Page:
The Paris Agreement seeks to achieve a balance between mitigation and adaptation activities. Financial mechanisms are a highly sought out means of addressing this balancing act, both within the FCCC and beyond. While the forest resource is certainly not unique in its desperation for tapping into potential funding pools, forests are currently undervalued and therefore underfunded yet vital resources for sustaining life on Earth.
All five of the speakers at today’s side event sponsored by Switzerland and the Climate Bonds Initiative (CBI) alluded to the need for an increase in private financial investments in conjunction with other public funding sources and policy initiatives to help address the pervasive effects of climate change on forests. Julian Richardson of the Parhelion Underwriting Ltd. credited the lack of financial flows in large part to a deficiency in understanding for how to value ecosystem services. In their publication distributed at Monday’s afternoon session (Forest Resilience Finance: Helping Forests Adapt to Climate Change), resilient forests are credited with providing: direct subsistence in the form of food and medicinal products; income generation from timber and non-timber-forest-products (NTFP); cultural traditions, rituals and recreation; and protection from natural extreme events and hazards (p. 6). While the world at large certainly recognizes the existence of these services, the lack of monetary worth on many of them prevents standard ideas and management practices that would help stakeholders feel secure in making investments in forests and receiving timely returns on them as well.
Ms. Chiara Soletti of the CBI described the development of their Green Climate Bonds as a means of soothing investment concerns in this resource area. In their “Fair-Trade” like labeling scheme for the green bonds, rigorous scientific criteria help bond investors quickly determine environmental credentials through compliance with the overarching climate bond’s standards (disclosure, i.e. project location and size), mitigation component (type or stage of forestry, i.e. sustainable forest management or NTFP), and adaptation and resilience component (risk assessments and strategies). Projects must comply with both the mitigation and adaptation criteria in order to be funded, helping to address both investor concerns and those of the PA.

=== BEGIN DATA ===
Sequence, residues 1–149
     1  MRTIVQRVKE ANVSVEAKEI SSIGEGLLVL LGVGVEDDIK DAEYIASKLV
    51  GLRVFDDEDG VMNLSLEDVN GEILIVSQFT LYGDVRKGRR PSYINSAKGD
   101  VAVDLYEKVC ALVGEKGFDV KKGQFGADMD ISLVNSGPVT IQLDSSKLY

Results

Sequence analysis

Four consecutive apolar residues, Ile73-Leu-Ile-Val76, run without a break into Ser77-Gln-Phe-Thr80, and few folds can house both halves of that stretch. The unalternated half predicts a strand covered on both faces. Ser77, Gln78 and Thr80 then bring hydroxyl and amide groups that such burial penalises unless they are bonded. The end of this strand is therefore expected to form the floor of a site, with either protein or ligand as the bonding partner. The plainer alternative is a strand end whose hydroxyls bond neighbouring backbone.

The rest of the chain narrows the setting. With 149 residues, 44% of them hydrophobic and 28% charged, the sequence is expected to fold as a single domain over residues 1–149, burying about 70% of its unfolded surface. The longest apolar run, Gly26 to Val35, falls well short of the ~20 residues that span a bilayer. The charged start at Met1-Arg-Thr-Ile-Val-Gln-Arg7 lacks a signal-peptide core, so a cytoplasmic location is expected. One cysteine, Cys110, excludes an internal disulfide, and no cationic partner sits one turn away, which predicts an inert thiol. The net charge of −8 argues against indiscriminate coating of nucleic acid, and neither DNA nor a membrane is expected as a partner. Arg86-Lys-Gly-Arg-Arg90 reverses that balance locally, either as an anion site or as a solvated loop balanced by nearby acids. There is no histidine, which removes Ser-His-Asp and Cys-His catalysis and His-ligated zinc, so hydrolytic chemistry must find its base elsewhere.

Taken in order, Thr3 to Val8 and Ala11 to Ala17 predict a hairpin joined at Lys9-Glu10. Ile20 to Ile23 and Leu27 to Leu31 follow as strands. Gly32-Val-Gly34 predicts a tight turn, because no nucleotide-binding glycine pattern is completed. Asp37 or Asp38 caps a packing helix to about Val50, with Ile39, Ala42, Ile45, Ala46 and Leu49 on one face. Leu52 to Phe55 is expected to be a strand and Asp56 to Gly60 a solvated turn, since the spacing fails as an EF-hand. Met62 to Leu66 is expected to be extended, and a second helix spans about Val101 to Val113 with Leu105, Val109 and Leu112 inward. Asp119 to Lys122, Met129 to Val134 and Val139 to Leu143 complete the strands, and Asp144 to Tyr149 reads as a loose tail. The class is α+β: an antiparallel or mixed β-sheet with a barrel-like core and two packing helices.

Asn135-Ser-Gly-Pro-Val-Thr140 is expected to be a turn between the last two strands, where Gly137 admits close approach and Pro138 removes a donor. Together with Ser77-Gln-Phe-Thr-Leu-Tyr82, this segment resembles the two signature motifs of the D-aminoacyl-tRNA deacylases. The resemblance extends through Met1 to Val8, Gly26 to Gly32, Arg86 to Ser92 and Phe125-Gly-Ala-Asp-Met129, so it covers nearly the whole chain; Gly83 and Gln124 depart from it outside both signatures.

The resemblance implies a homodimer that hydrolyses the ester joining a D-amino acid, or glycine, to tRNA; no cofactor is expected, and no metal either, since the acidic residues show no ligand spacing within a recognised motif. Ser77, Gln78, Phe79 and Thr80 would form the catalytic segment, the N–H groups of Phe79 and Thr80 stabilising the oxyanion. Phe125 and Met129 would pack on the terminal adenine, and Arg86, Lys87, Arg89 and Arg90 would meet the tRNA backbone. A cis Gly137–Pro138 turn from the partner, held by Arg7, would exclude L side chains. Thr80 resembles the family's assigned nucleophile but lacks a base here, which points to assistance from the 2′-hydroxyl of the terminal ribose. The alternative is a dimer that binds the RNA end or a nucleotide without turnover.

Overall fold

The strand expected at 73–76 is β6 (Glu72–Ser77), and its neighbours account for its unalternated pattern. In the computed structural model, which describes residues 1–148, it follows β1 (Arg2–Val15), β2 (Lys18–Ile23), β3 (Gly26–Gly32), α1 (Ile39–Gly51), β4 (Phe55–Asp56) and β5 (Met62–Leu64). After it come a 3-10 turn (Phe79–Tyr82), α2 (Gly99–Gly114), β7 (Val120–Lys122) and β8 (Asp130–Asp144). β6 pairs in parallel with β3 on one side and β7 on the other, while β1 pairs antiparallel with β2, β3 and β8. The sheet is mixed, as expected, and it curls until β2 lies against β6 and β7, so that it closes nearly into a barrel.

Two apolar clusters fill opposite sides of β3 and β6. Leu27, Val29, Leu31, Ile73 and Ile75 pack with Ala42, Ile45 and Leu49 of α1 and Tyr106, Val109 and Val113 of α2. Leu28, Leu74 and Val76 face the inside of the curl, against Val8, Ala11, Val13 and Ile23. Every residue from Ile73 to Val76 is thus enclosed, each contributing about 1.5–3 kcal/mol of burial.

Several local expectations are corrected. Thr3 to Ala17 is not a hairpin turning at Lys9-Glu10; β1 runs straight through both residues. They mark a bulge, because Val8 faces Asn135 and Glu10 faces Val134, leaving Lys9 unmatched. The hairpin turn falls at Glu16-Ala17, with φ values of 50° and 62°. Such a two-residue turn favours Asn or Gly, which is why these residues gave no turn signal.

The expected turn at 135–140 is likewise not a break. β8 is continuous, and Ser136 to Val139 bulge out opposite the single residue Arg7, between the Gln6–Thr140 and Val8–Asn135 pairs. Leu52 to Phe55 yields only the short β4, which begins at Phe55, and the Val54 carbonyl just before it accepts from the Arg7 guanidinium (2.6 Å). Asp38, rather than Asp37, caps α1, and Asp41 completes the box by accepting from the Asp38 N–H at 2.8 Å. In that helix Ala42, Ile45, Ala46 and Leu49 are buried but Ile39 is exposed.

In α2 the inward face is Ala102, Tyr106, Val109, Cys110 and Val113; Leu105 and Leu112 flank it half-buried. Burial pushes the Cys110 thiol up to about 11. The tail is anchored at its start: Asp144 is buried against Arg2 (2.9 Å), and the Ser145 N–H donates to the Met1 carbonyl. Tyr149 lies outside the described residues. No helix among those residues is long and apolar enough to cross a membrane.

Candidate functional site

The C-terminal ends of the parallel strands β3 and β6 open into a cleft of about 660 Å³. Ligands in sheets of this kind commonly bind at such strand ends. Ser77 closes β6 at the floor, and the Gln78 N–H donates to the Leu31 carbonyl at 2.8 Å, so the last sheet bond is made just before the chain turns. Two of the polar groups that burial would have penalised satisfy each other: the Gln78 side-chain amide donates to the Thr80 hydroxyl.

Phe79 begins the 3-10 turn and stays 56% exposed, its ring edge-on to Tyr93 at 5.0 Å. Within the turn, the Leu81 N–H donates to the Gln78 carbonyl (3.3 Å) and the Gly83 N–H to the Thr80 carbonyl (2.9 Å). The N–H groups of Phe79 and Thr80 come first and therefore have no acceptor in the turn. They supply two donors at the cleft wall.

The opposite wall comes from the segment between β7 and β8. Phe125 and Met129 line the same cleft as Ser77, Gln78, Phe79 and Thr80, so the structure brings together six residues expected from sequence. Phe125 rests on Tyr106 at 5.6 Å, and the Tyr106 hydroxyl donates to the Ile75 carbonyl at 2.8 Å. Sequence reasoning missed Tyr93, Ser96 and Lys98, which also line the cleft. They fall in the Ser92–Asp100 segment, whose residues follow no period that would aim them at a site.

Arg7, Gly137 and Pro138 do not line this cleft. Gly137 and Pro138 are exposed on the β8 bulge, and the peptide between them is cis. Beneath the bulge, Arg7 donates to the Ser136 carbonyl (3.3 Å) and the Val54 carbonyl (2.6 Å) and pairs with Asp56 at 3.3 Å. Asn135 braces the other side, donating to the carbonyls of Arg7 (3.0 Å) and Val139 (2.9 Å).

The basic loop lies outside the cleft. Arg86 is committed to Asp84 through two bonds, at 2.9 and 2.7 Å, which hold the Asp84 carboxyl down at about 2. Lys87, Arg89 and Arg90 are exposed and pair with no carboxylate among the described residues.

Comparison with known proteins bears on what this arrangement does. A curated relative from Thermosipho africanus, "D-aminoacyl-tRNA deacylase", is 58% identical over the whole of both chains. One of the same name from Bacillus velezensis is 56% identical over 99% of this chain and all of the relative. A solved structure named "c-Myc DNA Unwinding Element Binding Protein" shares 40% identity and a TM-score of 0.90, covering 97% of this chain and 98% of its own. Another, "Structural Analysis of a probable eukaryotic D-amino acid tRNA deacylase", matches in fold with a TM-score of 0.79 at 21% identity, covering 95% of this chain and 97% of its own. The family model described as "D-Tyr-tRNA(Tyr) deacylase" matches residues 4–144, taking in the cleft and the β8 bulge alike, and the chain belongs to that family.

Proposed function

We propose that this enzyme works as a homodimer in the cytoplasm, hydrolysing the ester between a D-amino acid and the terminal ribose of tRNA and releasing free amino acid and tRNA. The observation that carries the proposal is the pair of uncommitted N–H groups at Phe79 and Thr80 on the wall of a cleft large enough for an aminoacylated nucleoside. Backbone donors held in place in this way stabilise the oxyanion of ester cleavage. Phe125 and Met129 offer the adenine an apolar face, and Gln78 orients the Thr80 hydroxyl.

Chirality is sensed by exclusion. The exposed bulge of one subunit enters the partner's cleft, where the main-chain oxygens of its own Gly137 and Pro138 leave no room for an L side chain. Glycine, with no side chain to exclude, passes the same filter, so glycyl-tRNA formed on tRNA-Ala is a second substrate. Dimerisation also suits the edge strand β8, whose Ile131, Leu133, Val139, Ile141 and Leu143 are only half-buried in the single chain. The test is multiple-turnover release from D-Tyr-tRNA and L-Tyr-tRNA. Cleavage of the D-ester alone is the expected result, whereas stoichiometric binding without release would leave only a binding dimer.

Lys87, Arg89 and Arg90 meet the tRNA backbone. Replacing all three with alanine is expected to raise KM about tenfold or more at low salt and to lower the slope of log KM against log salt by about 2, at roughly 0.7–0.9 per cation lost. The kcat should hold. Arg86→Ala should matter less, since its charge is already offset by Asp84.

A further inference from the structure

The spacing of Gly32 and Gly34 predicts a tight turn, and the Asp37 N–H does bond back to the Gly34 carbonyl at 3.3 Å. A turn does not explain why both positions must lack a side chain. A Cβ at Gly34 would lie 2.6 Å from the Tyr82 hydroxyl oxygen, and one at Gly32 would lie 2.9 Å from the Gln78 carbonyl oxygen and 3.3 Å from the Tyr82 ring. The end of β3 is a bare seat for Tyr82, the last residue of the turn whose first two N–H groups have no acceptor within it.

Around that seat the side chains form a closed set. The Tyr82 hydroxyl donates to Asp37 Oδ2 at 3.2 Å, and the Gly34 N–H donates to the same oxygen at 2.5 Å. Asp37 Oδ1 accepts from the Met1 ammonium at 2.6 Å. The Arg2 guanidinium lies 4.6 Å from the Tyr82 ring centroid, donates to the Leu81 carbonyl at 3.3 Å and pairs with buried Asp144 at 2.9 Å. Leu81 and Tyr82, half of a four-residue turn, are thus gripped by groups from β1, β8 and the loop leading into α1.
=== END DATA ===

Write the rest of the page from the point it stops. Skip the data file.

One of the biggest hurdles for overcoming a lack of ambition to invest in the forest resource is the typical short-term, quick return nature of investment opportunities in our current economic paradigm. Forests do not provide outrageous capital returns in the same immediate time frame as some other “Wall Street” investment schemes on the market. But this mindset is greedy, unrealistic, and unsustainable, given the widespread value of forests in comparison to the quick and dirty stock market, and the call for a major paradigm shift in the most recent IPCC report. An investment in forests can also accompany an investment in a developing country’s resources, tackling two treaty birds with one stone.
Whether it be through green climate bonds and the private sector, or holistic sustainable forest management through municipalities and community groups, investing in forests is a surefire way to ensure our future is a green, clean, beautiful scene.